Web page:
NIC Group, a financial services organisation in East Africa, invested an additional 350 million shillings in its Tanzanian banking subsidiary last year when the regulator in Tanzania introduced new prudential rules that put a strain on the institution’s capital.
The new investment left NIC Group’s stake in NIC Bank Tanzania unchanged at 69.84 percent, indicating that minority shareholders in the subsidiary could have also provided their proportionate share of new capital.
The Nairobi Securities Exchange-listed firm’s cumulative investment in the loss-making subsidiary in the review period stood at 2 billion shillings, up from 1.6 billion shillings in 2017.
Last year, the Bank of Tanzania published rules requiring lenders to write off any loan that has not performed in four consecutive quarters (one year) instead of the previous 12 consecutive quarters (three years). The rule ignored the value of securities held for bad debt written off under the more conservative international accounting standards, IFRS9, putting a strain on banks’ capital.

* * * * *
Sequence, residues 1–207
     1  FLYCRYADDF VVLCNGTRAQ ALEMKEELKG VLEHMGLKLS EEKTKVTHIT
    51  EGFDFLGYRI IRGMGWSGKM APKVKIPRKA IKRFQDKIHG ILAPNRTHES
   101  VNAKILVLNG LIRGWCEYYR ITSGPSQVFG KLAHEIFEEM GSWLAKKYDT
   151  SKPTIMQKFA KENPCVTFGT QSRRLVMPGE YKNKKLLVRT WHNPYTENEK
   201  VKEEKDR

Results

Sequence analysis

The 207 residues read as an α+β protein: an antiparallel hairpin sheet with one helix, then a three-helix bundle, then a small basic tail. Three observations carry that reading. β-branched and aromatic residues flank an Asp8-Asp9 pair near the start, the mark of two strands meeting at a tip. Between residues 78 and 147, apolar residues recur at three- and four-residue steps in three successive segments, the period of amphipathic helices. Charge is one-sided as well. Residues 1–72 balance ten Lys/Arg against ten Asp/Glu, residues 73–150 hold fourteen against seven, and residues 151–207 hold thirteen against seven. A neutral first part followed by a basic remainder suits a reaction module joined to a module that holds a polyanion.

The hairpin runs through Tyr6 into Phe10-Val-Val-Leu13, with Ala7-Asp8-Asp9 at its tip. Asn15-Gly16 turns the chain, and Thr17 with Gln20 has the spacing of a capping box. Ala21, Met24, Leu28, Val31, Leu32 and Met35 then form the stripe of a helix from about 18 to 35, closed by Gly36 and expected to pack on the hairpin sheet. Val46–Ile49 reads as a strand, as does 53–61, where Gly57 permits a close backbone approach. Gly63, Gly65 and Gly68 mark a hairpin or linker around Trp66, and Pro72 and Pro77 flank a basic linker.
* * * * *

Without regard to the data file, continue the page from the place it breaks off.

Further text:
NIC Group also invested 100 million shillings in its motor vehicle leasing arm NIC Leasing, bringing its total capital expenditure last year to 450 million shillings.
NIC Bank Tanzania met all the capital requirements in the review period when its net losses widened to 113.6 million shillings from 107.2 million shillings in 2017. The subsidiary will be merged with CBA Group’s banking unit.